Having worked in and around gym's for the last 16 years I have have worked with fitness professionals, body builders and athletes. I have also  endured my own journey towards fitness and seen many patients change their physique. It's no secret diet and exercise are the cornerstones of fitness.  For me the holy grail of fit was more raw foods and high intensity interval training or metabolic training. Real changes are those that transcend your schedule and lifestyle, which brings  me to my next statement.

You MUST Change How You View Food.
Our ancestors must have gotten a completely different palate, keeping in mind that spices were reserved for the privileged. Food was most likely bland and it was most certainly sparse, my parents grew up in German occupied Greece and even one generation ago, there were people starving to death.  The take home point is that it's only until recently that our culture has put so much emphasis on eating as a social event. Historically food has been viewed as fuel.

Dinner and Drinks?
I have many patients and friends who ask how to improve their body composition(less fat or more muscle), and inevitably the conversation moves to dinning. Going out to dinner has become a common pastime and a weekly occurrence. The individual looses control of the preparation of the food and seldom asks for nutritional information, since they're going out, one may figure "where's the fun in that?" The problem is that just an appetizer alone can account for all of your daily allowance of fat and calories as explained in this Good Morning America post. Add a few beers or glasses of wine at around 150 calories each and you can see even a modest meal turns into a  4000 calorie event. 
Convenient, but obese kids make obese adults.

The Good News? We're Not the Fattest Country Anymore!
Mexico has surpassed the U.S. as the fattest country in the world, perhaps due to the infiltration of Starbucks. All kidding aside, our super-sized portions and Mocha-chino Grande (600 calories) have consistently ranked us among the fattest in the world. A simple way to lose excess weight is to steer clear of drinking calories. 

Prepare for the End - the Bottom End of Course.
Food preparation sounds like a big task, but it doesn't need to be. Baking 5 or 10 chicken breasts at the beginning of the week can give you all of the salad with chicken all week. Boiling 2 dozen eggs, also an excellent protein rich and calorie poor option for breakfast or snack. Put some broccoli florets in a zip-lock and grab some hummus for a balanced, low calorie filling snack!  Greek yogurt is one of the packaged foods that you can eat and feel great about.  There are tons of great ideas in magazines and online, but the sooner you appreciate the power of preparing your meals the faster you'll be feeling and looking great.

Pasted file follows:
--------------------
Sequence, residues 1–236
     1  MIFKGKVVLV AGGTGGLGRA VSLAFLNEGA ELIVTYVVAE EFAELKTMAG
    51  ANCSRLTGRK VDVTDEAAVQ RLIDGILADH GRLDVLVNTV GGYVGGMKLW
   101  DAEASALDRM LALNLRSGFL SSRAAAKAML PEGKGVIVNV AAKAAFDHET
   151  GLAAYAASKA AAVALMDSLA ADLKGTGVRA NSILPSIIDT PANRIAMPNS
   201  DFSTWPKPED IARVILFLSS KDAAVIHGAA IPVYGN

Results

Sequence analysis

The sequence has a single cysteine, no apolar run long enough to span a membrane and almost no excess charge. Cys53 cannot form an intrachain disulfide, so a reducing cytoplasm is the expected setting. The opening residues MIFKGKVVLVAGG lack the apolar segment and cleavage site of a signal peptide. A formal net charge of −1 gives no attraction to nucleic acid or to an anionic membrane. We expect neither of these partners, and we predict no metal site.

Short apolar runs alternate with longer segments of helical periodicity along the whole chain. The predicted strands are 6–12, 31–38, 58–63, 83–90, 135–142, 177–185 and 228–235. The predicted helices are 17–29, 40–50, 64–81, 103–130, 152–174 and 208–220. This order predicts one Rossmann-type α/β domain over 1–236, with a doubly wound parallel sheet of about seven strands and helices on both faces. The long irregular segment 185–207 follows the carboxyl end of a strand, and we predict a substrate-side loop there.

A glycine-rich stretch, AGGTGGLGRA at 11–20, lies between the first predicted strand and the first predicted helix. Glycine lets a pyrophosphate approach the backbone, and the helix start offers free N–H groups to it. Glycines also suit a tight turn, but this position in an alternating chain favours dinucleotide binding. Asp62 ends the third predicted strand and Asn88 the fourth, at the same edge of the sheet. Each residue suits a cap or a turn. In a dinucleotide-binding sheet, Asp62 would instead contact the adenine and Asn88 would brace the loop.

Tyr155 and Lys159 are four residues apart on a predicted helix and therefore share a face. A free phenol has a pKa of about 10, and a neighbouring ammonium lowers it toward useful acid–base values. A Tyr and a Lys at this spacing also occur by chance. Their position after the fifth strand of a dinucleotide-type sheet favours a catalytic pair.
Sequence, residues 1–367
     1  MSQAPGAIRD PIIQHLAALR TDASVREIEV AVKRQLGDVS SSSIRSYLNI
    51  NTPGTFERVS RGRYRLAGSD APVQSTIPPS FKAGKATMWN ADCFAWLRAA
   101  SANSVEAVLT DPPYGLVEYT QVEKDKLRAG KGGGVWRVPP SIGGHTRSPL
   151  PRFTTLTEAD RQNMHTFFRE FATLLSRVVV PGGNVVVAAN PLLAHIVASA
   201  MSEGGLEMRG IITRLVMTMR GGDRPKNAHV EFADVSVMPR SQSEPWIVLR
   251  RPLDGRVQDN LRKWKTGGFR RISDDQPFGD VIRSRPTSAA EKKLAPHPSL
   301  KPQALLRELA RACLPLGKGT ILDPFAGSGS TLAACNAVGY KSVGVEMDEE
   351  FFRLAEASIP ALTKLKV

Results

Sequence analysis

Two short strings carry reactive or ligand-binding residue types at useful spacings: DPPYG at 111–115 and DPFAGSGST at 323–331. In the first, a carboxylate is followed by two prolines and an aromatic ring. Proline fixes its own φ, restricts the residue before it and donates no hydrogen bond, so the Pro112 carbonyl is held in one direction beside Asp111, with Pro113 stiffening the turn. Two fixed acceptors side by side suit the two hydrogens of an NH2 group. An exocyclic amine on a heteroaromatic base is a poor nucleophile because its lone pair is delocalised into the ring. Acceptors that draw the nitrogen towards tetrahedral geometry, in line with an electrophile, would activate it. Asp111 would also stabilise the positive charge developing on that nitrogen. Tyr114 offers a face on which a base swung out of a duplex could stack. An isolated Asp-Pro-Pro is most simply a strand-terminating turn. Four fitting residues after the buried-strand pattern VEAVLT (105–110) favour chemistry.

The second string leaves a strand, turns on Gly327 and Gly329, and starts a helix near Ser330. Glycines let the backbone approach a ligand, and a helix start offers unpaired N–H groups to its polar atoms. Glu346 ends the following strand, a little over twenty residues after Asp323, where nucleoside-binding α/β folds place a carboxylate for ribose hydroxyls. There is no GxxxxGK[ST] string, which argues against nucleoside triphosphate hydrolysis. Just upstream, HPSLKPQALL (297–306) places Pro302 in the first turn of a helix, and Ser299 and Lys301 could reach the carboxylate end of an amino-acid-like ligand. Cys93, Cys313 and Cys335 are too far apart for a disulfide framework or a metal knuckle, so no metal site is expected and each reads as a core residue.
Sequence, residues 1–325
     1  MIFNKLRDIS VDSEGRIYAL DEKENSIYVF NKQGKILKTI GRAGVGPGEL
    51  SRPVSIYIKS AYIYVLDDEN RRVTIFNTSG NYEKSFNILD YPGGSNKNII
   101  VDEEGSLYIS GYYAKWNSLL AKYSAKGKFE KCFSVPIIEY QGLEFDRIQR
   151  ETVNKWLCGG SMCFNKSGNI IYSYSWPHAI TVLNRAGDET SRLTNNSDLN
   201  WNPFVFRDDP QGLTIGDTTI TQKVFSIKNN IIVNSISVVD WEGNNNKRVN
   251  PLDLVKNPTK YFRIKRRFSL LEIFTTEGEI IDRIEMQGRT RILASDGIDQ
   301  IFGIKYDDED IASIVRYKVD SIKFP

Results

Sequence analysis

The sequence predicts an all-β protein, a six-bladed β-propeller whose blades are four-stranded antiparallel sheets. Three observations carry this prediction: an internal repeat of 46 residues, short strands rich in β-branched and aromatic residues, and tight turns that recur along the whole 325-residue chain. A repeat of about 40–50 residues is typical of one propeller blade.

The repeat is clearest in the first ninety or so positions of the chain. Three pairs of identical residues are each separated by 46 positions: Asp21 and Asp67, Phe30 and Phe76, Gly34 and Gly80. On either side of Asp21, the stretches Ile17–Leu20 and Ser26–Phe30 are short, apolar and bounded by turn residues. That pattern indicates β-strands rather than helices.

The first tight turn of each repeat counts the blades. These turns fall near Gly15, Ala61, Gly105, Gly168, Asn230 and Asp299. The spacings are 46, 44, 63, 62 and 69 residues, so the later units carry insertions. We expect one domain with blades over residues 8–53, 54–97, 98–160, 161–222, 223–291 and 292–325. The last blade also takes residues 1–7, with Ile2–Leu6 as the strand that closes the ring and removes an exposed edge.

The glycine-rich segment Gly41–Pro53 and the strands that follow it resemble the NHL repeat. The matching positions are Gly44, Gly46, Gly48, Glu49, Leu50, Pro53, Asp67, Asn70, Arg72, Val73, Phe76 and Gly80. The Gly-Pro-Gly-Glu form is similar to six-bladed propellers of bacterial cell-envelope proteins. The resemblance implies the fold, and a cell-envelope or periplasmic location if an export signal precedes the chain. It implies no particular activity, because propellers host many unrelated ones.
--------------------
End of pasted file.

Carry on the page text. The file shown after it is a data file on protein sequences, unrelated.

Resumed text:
Diets Don't Work--You Need a Lifestyle Change
Understanding this is a total shift in how to live and not a diet.  Gradual changes are ones that cause less stress and will be more sustainable.  Limiting half of the starchy carbohydrate that you typically eat at a sitting will be a great stepping stone to eventually eliminating them altogether.  Gluten and sugar have a major impact on inflammation, insulin levels and cardiovascular health. Dr. Seaman did an interview that can be found here explaining how our diet is killing us slowly.



It's better to look good than to feel good
Looking good and feeling good are very much intertwined, in explaining the way to a fitter physique we also extoll the benefits of good health. Not everyone wants a beach body and by following some of the guidelines we have set forth, will not only get you looking better but also improve your cholesterol and triglyceride counts. It's important to keep in mind why we would want to change, it's not all about aesthetics.
You look marvelous darling
Everything in Moderation
We all enjoy a night out and if you're active and practicing good eating habits most of the time you can enjoy a nice restaurant, but overall, most may want to develop other forms of entertainment.  Active hobbies would have a definite impact, increasing activity levels as well as limiting outside meals. Personally, my wife and I have shed our inhibitions and frequently dance like no one is watching in a club full of people way younger(at least chronologically).

 Today we provided principles, so you can adapt your own protocols, don't hesitate to contact us with questions. 
Please let us know you visited our blog by liking, commenting & sharing.


Dr. Serafim is a Rehabilitation and a Strength and Conditioning Specialist. He lives and works in the Exton PA area and has devoted himself to furthering his understanding of movement related disorders. He teaches continuing education and operates a private practice. More information can be found at Kinetx.org and feel free to like us at our facebook page.

Tuesday, September 9, 2014

PLANTAR FASCIITIS